Regulation of the growth hormone and luteinizing hormone response to endotoxin in sheep

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Domestic Animal Endocrinology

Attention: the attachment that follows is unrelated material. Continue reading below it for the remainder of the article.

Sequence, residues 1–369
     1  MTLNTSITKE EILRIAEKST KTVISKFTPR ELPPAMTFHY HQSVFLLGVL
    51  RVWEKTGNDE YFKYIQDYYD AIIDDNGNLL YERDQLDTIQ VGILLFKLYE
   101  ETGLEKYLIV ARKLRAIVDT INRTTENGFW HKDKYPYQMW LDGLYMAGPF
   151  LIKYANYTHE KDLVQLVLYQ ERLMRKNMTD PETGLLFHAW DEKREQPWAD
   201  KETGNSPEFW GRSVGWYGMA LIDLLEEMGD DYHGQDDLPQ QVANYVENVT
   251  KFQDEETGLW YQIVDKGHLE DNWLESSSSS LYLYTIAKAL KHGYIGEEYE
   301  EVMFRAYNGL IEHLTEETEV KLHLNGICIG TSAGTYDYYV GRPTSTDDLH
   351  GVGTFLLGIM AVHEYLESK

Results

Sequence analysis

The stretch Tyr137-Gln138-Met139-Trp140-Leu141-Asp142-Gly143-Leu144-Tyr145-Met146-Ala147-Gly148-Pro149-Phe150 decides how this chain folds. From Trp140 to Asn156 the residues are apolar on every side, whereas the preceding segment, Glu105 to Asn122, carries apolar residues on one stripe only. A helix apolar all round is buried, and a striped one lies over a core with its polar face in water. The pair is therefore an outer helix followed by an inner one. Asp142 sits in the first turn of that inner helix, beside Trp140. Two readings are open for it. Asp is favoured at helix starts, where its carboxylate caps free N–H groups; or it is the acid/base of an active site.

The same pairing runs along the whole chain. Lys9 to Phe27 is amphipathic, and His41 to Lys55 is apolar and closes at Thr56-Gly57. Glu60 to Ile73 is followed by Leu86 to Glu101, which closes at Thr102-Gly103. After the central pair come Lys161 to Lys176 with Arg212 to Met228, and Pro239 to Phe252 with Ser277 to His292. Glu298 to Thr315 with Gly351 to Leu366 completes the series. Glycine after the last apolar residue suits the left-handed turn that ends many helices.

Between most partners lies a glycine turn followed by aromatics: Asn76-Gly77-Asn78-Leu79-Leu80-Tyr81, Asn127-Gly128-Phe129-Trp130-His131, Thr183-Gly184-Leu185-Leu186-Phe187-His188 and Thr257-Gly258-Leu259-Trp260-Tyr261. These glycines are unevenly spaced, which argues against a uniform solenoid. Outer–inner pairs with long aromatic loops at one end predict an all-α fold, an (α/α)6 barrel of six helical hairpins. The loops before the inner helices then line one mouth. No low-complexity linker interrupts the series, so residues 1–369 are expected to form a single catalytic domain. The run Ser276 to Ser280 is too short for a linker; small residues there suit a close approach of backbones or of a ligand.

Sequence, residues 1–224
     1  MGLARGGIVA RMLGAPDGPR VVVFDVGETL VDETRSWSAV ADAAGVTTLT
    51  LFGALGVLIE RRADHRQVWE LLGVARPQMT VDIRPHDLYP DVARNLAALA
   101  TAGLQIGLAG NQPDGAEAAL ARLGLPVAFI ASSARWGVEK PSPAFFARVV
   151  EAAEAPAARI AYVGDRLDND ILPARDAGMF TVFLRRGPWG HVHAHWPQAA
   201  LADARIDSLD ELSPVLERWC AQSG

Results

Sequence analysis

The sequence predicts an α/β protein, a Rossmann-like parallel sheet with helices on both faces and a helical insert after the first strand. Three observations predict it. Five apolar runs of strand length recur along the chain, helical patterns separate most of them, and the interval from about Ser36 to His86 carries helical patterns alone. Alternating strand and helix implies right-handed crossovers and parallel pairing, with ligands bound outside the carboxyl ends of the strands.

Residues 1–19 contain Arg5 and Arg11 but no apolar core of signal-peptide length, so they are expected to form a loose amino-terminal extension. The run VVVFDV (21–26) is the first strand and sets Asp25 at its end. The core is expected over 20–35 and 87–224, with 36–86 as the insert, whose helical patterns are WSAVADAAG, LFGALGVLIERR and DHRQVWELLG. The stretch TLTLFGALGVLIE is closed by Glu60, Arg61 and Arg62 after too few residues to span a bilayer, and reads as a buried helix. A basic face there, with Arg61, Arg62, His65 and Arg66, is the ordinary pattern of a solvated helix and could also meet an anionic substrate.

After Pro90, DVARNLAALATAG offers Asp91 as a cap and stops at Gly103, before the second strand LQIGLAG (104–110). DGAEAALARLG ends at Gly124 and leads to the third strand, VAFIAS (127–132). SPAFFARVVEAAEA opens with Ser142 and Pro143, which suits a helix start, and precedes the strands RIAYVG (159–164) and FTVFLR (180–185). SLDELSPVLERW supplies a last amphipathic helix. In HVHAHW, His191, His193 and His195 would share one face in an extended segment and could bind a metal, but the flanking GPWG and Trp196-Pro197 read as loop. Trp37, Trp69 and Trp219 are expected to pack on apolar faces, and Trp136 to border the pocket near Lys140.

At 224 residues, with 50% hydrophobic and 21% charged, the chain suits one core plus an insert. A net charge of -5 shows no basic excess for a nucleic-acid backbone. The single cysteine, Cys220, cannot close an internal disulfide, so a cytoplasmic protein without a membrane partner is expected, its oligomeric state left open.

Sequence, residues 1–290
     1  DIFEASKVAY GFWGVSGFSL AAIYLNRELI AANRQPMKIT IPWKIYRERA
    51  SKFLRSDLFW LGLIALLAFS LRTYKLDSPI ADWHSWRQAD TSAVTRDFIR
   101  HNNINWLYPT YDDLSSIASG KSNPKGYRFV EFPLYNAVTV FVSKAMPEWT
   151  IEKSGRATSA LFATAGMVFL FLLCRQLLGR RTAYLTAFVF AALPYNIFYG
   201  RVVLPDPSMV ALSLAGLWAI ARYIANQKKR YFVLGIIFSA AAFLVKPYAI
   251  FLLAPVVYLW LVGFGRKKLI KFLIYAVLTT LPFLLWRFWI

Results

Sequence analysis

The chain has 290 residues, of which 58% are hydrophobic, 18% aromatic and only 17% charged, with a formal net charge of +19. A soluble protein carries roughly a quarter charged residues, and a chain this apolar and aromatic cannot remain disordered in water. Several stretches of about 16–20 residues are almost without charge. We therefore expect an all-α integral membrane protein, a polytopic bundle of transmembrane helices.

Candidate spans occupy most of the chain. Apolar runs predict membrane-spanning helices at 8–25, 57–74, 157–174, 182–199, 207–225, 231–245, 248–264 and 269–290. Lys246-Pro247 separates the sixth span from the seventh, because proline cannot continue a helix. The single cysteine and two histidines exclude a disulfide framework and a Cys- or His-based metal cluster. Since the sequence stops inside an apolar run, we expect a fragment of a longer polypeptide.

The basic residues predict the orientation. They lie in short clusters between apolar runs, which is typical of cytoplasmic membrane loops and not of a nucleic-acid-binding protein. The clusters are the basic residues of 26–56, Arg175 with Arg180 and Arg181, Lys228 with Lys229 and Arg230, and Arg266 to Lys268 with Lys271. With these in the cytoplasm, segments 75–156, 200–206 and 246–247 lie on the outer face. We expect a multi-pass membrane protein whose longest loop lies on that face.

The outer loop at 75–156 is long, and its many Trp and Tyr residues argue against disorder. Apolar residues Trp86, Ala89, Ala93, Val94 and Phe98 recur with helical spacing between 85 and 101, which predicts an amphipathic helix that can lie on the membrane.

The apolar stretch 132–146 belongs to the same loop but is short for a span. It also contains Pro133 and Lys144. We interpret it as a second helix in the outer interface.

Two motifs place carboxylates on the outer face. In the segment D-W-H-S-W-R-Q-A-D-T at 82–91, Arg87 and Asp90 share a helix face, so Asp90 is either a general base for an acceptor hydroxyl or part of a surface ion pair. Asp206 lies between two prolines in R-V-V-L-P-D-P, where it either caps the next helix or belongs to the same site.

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Infectious disease processes cause physiological adaptations in animals to reorder nutrient partitioning and other functions to support host survival. Endocrine, immune and nervous systems largely mediate this process. Using endotoxin injection as a model for catabolic disease processes (such as bacterial septicemia), we have focused our attention on regulation of growth hormone (GH) and luteinizing hormone (LH) secretion in sheep. Endotoxin produces an increase in plasma GH and a decrease in plasma LH concentrations. This pattern can be reproduced, in part, by administration of various cytokines. Antagonists to both interleukin-1 (IL-1) and tumor necrosis factor (TNF) given intravenously (IV) prevented the endotoxin-stimulated increase in GH. Since endotoxin will directly stimulate GH and LH release from cultured pituitary cells, the data suggest a pituitary site of action of the endotoxin to regulate GH. Studies with portal vein cannulated sheep indicated that gonadotropin releasing hormone was inhibited by endotoxin, suggesting a central site of action of endotoxin to regulate LH. However, other studies suggest that endotoxin may also regulate LH secretion at the pituitary. Thus, IL-1 and TNF regulate GH release from the pituitary gland while endotoxin induces a central inhibition of LH release.

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